A prominent Chinese pig farmer who was detained after praising lawyers during a crackdown on legal activists by President Xi Jinping’s government was sentenced Thursday to 18 years in prison on charges of organizing an attack on officials and other offenses.

Sun Dawu, chairman of Dawu Agriculture Group, was among 20 defendants who stood trial in Gaobeidian, southwest of Beijing in Hebei province. They were detained after Dawu employees in August 2020 tried to stop a state-owned enterprise from demolishing a company building.

Sun also was fined 3.1 million yuan ($480,000), the People’s Court of Gaobeidian said in a statement.

Sun was convicted of gathering people to attack state organs, obstructing public affairs, picking quarrels, sabotaging production, illegal mining, illegal occupation of farmland and illegally taking public deposits, the court said.

Other defendants received sentences ranging from one to 12 years, according to a statement from Dawu Group. It said the company was ordered to refund 1 billion yuan ($155 million) in investment that was raised improperly.

Sun became nationally known in 2003 when he was charged with illegal fundraising after soliciting investments for his business from friends and neighbors. The case prompted an outpouring of public support for Sun.

Since then, Sun has praised lawyers who help the public at a time when prominent legal figures have been imprisoned by Xi’s government. Sun’s lawyer in the 2003 case, Xu Zhiyong, disappeared in February 2020. Fellow activists say he was charged with treason.

Sun was accused of provoking quarrels, a charge used against labor and other activists, when he was detained in August 2020.

The trial officially was open to the public but only one spectator from the family of each defendant and 10 from the company were allowed due to coronavirus restrictions, defense lawyers said earlier. 

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8.2M Quake Hits Alaska, Triggering Tsunami Watch in Hawaii

A tsunami watch was issued for Hawaii on Wednesday evening following a large earthquake off the Alaska peninsula.

According to the Honolulu Star Advertiser, the Pacific Tsunami Warning Center listed the magnitude as 8.1 and said, “an investigation is underway to determine if there is a tsunami threat to Hawaii.” But the U.S. Geological Survey said the quake was magnitude 8.2 and hit 91 kilometers east-southeast of Perryville, Alaska.

“Based on all available data, a tsunami may have been generated by this earthquake that could be destructive on coastal areas even far from the epicenter,” PTWC said.

Based on the preliminary seismic data, the quake should have been widely felt by almost everyone in the area of the epicenter. It might have caused light to moderate damage.

Moderate shaking probably occurred in Perryville, Chignik Lake and Sandpoint. 

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Myanmar, in Coup Aftermath, Faces Exploding Pandemic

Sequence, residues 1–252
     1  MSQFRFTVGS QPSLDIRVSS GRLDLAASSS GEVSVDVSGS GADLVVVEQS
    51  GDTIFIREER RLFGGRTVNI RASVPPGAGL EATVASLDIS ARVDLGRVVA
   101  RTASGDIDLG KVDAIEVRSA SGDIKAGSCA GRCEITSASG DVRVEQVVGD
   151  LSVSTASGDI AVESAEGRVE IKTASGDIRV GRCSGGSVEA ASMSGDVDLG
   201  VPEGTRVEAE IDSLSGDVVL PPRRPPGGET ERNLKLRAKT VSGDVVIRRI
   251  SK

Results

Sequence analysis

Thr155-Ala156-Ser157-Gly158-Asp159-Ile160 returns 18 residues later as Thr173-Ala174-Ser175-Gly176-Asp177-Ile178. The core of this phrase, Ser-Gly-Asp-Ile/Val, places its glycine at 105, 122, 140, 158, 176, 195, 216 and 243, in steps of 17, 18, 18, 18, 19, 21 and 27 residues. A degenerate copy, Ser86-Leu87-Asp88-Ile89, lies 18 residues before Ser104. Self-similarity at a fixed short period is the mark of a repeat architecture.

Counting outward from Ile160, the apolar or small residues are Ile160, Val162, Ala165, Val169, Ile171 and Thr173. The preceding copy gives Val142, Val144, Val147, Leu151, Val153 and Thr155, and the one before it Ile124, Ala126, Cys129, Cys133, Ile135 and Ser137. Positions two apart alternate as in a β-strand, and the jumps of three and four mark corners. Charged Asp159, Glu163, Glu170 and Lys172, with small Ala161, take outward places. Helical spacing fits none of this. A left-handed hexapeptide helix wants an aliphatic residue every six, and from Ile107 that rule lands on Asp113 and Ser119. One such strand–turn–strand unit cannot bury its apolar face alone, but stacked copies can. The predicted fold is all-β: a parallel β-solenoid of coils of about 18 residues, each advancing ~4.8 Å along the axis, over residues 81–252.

Six months after its coup, Myanmar now faces a mushrooming COVID-19 pandemic.Deaths have risen sharply daily during the third, delta variant, infection wave that began May 25; 326 deaths were reported July 23, bringing the coronavirus death toll to 6,459. Myanmar reported 5,506 new infections out of 13,487 samples, a 40% infection rate.  Actual numbers may be higher because of those unable to get into hospitals.Cemeteries struggle to dispose of bodies quickly, without safety measures, and hearses carry three or more bodies, also transported by taxis and cars.  Social media videos and photos show bodies piled for cremation at Yangon cemeteries. Volunteers and staff since the coup wear no protective equipment other than masks.Out of capacityFree funeral operators and aid workers in Yangon say they cannot keep up with a death toll they claim is now around 1,000 a day.Sein Win Than, whose charity service transports bodies, told VOA his organization must transport at least 40 bodies to cemeteries daily but cannot keep up with requests.“We cannot take over 50 bodies a day. We have to wait for hours at the cemetery to drop off the bodies but we cannot wait anymore because of high demand. When we get to the cemetery, we must quickly leave for another trip,” he said.The situation is not unique to Yangon.In Mandalay, the death toll has risen daily because of a hospital doctor and nurse shortage.“About 60 patients die per day, but we can take only 30 dead bodies to the cemetery,” an aid worker told VOA.Kalay, in northwest Myanmar, was the first declared stay-home township when the wave hit. Aid workers and residents estimate the daily death toll has reached 20 to 30 since the last week of June.“Over 500 suspected COVID-19 patients died in Kalay and most are Christians,” Lang Khan Khai, head of Kalay’s Zomi Baptist Aid Group, told VOA July 18, referring to deaths since the last week of June.“The local crematorium was overwhelmed with bodies July 16. Now, we cannot dispose of those bodies following religious rites,” he said. At least 30 people had died every day since June, he said.However, the official count is different. A township health department official said, as of July 17, 275 patients had died out of 1,855 who tested positive in the third wave.COVID-19 infections have forced some funeral services and volunteers supplying oxygen to needy patients to suspend services, but there are also other reasons.Tin Maung Oo, whose Yangon-based charity organization provides oxygen cylinders to needy people, stopped oxygen service July 16.Oxygen is difficult to buy, he said, and some people do not return the cylinders — some rent them to friends, some sell them, so the organization ran out of cylinders.Disobeying orders for loved onesA partial July 19-25 lockdown has been extended to Aug. 1. Enforcement is lax, though, and many choose between following regulations and saving loved ones, including obtaining oxygen. Aid workers and funeral service officials said 80% of pandemic deaths were from lack of oxygen.As of July 17, hundreds of people regularly arrived at oxygen plants at 4 a.m. for refills. They say the curfew and orders make it more difficult when they need oxygen at night but they have no choice.“Getting oxygen is the most important thing for me as my mother really needs it. I don’t care about anything else,” said Ko Moe Zaw, in line at a Yangon oxygen plant July 17. He got up at 3 a.m. to line up for oxygen, but 20 people beat him there.Ko Teik, a 50-year-old garment factory employee, has lost family members because oxygen was not available. His grandfather, father and nephew died this month because of lack of oxygen.”My nephew was the last one. On July 12, his breathing level dropped seriously, and he needed more oxygen, but we could not get enough. I searched all over Yangon to get oxygen. Sadly, he was dead when I did get oxygen,” he said.The coup leader, Senior General Min Aung Hlaing, said July 12 there is enough oxygen and blamed people for panic buying, warning the public not to spread rumors.“I want the people to cooperate. The main thing is not to take political advantage of it. This is a social issue, not a political issue. This is health issue and also a matter of human life,” he said.The same day, junta spokesperson Major-General Zaw Min Tun told reporters authorities were limiting sales of oxygen to discourage speculation and risky home treatments — some factories have since suspended operations.“We understand some people really need oxygen. In that case, they can buy it with the recommendation of relevant township health officers,” he said.The need for oxygen is increasing as more patients are treated at home, and an oxygen aid worker said oxygen tank prices had more than tripled. Speculators, he said, buy large numbers of cylinders wholesale, pushing resale prices up.The shortage has affected charity ambulances.”We also have to wait for hours for oxygen to be refilled so we can’t bring an oxygen cylinder when we pick up patients. Patients sometimes die in ambulances,” said Zar Ni, who works with a social welfare organization.State media announced July 17 that liquid oxygen tanks had arrived from China in Yangon and Mandalay and more tanks would arrive in days, but they would be used only for government hospitals and facilities. They did arrive and others are coming, including some from individuals or imported from Thailand, which are going to government hospitals.Dying at homePatients are being denied hospitalization and have not received adequate medical treatment at private and government hospitals. Private hospitals cannot provide enough care for COVID-19 patients and government hospitals are similarly hobbled because thousands of medical workers have joined the civil disobedience movement and left hospitals.Health Ministry guidelines say patients with symptoms should contact township health departments, and hospitals will not accept patients without a referral. Although the ministry announced township health department contact numbers, they rarely accept phone calls. Some patients who did get through were advised to stay home and refused referrals. Consequently, most people must cope on their own, despite warnings from medical professionals such as Khin Khin Gyi, the director of the Health Ministry’s Emerging Infectious Diseases Epidemiology Unit, who advises against home treatment and warns oxygen should be used only under expert guidance.“The pandemic is spreading around the world. It is not so easy to treat it at home,” she said.Some are resorting to home care because they do not trust the post-coup military.“Everyone is in trouble and everything has collapsed because of military coup. Instead of seeking help from the dictators, I would rather die at home,” Su Myat, the head of a now-closed Yangon garment factory said.Ma Theingi Htike, a resident of Sittwe, in the western Rakhine state, also had concerns about the military.“We tried to send my sister, who lost her sense of smell and taste, to private hospitals but they were full. Finally, we contacted to township health department, but they refused to provide a referral to admit her to the hospital,” she said. Finally, she said, she concluded that seeking help from military was a waste of time. Similar cases have occurred elsewhere.Aid workers found dead bodies at Yangon homes recently. On July 16, the Metta Thingaha Free Funeral Service found a father and son who had died at home in Yangon. The head of the service said the 70-year-old father was in bed, while his 40-year-old son was in a living room chair with an oxygen cylinder. The next day, Ye Thurein, a member of a township reserve fire brigade said a 70-year-old woman living alone was found dead in her fifth-floor apartment.Some health experts say the toll could rise in coming weeks because of the oxygen shortage, rising medicine prices and scarce medical supplies.“These conditions could put the lives of many people at home at risk and the death rate will definitely increase,” a senior physician in charge of a Mandalay hospital told VOA.Meanwhile, there are reports of a rising death toll as far away as Rakhine state, where the Sinbawkaing refugee camp has been shut down, and Kalay, where Lang Khan Khai, of the Zomi Baptist Aid Group cited local death figures, and which is also facing fighting between local forces and the army.“We expect the worst to happen in the coming months if we cannot control the current situation,” Lang Khan Khai said.